There's affirmation there for those of us that are naturally repelled by the stifling conformity -- especially prevalent in the teaching, nursing and management professions as well as in most large organisations -- that is slyly enforced through a rhetoric of team spirit and rears its head most distastefully at 'planning days' or 'retreats'. The lesson from history is that there needs to be room to say: 'this is lame; I'm gonna make a face and opt out'.

And of course, the great irony of cooperation and teamwork is that the strongest and most cohesive team is the one that has just kicked somone else's ass.

Saturday, January 10, 2009

Animalitos Great and Small

I have Paola to thank for dragging me along to Australia Zoo and Sea World during my recent time in Brisbane. The stated motivation for visiting the parks was to see 'animalitos', and despite my slightly lesser tendency to melt with tenderness at the sight of a small pet dog on a street corner, I enjoyed it almost as much as she did.

The word which best describes both parks would be 'slick'. Entertainment for tourists is the dominant principle, although both operations push a mild environmental message. The idea in Australia Zoo seems to be that by making snakes and crocodiles part of a showbiz spectacle, people will see what wonderful creatures they are and therefore want to protect them and their environment. However, there's no real link to a wider ecological context, and the razmatazz tends to drown out any other message.

Sea World sticks to the standard tactic of showcasing the most lovable marine animals, and are so successful that despite the environmental angle being even thinner than at Australia Zoo, most visitors who have seen the sea lion and dolphin shows would probably depart feeling inclined to tear apart a drift net with their hands and teeth if necessary.

The photos are 800 x 600 and can be enlarged by clicking.

Close to the best, as well as the most manipulative, spectacle at Sea World was the 20-minute 'Fish Detetectives' show, a semi-coherent narrative about illegal overfishing in which the actors included two sea lions and one seal. Cued by hand signals, and regularly rewarded for good performance by a fish or three, the marine mammals slid, swam, searched, chased, saluted, whispered and embraced, leaving most of the female audience members to file out in a tearful state of joy at their overwhelming cuteness.

As part of the twice-daily show at Sea World, the trainers surf across the pool on the back of the dolphins -- or rather, the dolphins agree to carry the trainers for a short burst in return for generous servings of fish.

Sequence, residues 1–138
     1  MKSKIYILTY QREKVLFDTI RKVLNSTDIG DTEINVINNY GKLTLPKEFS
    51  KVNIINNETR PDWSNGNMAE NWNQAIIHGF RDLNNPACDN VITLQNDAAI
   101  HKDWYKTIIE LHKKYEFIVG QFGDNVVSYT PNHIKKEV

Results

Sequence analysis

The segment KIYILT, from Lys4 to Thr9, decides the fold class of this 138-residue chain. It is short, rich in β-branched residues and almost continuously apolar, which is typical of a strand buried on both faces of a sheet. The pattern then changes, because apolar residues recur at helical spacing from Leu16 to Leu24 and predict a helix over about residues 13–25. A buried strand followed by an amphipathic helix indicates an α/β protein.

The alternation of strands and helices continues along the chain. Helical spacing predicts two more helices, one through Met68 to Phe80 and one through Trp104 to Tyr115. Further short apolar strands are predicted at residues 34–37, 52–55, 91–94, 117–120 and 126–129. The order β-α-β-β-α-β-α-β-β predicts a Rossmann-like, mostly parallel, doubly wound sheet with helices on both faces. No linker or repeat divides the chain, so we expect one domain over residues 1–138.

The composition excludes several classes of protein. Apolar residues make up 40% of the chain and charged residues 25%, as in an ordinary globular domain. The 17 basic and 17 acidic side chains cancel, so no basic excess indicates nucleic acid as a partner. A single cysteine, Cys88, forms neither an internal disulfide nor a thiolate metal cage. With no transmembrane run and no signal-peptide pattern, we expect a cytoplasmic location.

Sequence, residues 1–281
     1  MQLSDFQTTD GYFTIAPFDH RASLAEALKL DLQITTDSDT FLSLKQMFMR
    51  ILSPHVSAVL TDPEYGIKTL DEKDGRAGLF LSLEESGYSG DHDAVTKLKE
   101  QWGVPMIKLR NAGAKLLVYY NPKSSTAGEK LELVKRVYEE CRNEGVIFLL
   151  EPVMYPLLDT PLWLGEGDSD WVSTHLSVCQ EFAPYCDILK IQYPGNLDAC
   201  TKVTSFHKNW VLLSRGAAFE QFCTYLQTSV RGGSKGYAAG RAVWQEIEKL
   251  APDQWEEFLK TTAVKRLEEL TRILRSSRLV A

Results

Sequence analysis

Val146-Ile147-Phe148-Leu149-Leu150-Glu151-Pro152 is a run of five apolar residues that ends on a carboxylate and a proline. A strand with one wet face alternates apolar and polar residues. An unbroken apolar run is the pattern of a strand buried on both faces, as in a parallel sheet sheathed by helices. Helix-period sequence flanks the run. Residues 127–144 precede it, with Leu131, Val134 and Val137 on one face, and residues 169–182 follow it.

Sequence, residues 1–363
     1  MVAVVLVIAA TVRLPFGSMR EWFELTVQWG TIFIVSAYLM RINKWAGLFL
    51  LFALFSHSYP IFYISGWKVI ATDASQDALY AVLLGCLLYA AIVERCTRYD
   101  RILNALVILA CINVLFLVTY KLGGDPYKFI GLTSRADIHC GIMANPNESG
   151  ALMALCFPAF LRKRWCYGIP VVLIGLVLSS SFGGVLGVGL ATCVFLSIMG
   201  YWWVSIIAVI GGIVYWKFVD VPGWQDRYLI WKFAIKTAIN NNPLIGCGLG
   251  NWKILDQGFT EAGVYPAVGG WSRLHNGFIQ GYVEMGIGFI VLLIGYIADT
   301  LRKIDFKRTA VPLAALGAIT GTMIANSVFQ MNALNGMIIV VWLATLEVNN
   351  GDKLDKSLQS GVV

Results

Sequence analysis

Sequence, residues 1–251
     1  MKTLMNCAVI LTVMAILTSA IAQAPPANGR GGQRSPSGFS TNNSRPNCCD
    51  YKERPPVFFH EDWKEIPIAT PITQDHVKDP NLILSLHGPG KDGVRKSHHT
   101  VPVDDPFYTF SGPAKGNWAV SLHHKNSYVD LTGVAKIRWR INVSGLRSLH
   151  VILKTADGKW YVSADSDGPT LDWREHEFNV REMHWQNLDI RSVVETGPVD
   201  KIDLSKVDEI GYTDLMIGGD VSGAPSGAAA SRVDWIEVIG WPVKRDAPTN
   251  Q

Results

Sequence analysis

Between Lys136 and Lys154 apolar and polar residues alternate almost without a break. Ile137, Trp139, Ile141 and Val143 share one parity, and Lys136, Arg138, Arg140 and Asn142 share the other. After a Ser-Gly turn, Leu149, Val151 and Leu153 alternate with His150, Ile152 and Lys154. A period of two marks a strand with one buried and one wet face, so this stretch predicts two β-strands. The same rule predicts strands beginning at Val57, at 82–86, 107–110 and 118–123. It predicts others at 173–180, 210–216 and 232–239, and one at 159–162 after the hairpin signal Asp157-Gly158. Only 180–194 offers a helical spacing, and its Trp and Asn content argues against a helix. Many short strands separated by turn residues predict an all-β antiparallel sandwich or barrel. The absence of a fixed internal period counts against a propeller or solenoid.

But the real stars of the show are the dolphins themselves, who splash, leap and somersault with such enthusiasm that it's easy to forget they do it on cue twice daily.

As we filed out the side of the open-air theatre after the show, a couple of the trainers were taking questions and explaining things to the last handful of people to leave. The dolphins swam right up to edge of the pool and milled about, allowing me to get several close-up photos.

Elephant feeding is a daily feature at Australia Zoo. We just missed forming part of the hundred or so people who lined up to serve each Asian elephant a carrot, which it politely snaffled with its trunk and deposited into its mouth. These animals certainly get their 5+ per day.

At Australia Zoo, visitors can look through glass windows into a small enclosure where animal trainers play with eighteen-month old Sumatran tiger cubs. According to one of the trainers, who sustained a running commentary over the microphone, they work with the tigers daily, encouraging them to engage in natural behaviours of running, leaping and attacking, but also building a relationship of discipline and respect (kind of like coaching the under-16 rugby team).

In the 'Crocoseum' at Australia Zoo, Steve Irwin's wife still carries on the family tradition of baiting a 15-foot crocodile with strips of meat, as well as her and the other zoo staff's presence. In another part of the show, the crocodile attacked a dangling 'leg-like' object attached to the end of a long stick. The trainer doing the running commentary became ecstatic as the croc twisted and battered the object into submission. "Two, three, four death rolls!", he enthused. "Four death rolls -- that's a new record!".